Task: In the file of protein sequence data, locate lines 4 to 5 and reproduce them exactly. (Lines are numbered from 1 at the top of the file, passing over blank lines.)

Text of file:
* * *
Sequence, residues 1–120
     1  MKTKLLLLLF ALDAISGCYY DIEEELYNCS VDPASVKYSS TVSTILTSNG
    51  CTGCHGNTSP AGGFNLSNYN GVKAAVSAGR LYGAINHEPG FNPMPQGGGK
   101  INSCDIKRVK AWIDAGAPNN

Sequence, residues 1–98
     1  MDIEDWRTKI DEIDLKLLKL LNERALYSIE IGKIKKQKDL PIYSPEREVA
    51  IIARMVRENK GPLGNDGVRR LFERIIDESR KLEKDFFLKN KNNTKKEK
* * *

   101  INSCDIKRVK AWIDAGAPNN

Sequence, residues 1–98